In the rooms of Villa Foscarini Rossi there is one fresco in particular by the artist Pietro Liberi which tells a story of love and betrayal.
Pietro Liberi was a handsome Venetian who was very popular with women. Whilst painting Villa Foscarini Rossi, Liberi began a passionate affair with Chiara Foscarini, the wife of noble Venetian Dandolo.
But one summer evening, in the middle of the night, the two lovers heard the crunch of wheels on the gravel outside and immediately realised that her husband had come back sooner than expected. Liberi managed to escape whilst Dandalo, on entering the bedroom, instantly understood that something strange was going on. Chiara denied everything but her husband was suspicious, particularly of the painter who was in the villa to paint the frescoes which we can still see today. Dandalo ordered Liberi to leave but the cheeky lover managed, with the assistance of a caretaker who received a tidy sum for his efforts, to convince the man that he had been detained in Venice for two days by an elderly aunt and that he had only recently returned to Stra.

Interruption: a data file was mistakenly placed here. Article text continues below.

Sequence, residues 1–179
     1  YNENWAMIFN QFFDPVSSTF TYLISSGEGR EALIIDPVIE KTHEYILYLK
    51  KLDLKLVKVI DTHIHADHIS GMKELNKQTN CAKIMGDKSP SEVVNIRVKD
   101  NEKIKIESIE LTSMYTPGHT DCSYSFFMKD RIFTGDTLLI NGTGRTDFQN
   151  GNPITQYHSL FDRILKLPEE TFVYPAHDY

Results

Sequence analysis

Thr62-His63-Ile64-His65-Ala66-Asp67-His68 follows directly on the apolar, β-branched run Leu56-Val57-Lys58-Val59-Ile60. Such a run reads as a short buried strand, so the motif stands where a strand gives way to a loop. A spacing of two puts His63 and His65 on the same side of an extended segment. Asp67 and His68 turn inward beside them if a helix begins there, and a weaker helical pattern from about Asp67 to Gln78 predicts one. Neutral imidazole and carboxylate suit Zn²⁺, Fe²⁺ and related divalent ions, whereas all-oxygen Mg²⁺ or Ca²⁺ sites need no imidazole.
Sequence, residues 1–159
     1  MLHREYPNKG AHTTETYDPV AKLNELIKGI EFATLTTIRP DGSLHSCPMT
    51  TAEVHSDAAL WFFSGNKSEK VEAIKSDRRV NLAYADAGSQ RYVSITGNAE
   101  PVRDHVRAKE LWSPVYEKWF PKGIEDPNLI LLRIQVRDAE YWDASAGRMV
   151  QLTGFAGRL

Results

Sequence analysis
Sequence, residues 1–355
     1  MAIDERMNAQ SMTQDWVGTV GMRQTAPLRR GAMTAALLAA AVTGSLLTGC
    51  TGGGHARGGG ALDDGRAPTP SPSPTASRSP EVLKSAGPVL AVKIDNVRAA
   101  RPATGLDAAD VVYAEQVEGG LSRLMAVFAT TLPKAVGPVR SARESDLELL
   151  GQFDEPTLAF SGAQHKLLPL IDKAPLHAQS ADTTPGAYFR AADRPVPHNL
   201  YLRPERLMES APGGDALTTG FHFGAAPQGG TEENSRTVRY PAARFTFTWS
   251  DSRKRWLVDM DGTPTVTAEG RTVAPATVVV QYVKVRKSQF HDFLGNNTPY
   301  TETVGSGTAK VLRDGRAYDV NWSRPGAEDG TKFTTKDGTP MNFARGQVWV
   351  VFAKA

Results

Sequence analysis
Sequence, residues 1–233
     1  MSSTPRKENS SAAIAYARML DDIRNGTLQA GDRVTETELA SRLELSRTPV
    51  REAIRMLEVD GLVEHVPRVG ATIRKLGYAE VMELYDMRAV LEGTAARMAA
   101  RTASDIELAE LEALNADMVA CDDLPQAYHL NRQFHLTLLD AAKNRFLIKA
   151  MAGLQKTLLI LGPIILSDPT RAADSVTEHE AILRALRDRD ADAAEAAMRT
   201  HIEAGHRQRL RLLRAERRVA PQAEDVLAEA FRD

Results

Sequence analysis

The caretaker’s story convinced Dandalo and with this lie the painter was able to complete his fresco, receive his fee, and finally leave. One day a friend of Dandolo arrived at the villa and, looking at the beautiful woman depicted on the west wall, offered his compliments because the face of the portrait exactly resembled his wife. Dandolo, looking carefully at the fresco, realised that not only was the face the same but everything else resembled his wife, including the scenes where Chiara Foscarini was depicted naked. The conclusion of our story was reported as follows in the reports of the time: “He dressed her in a bocassin (a type of robe worn by serving women), took her by boat to her brothers and uncle Foscarini, and handed her over saying that he was returning the whore because he did not want to dirty his hands with her blood”.*
*From Storia di Venezia nella Vita Privata, Vol. III, Il Decadimento, page 124.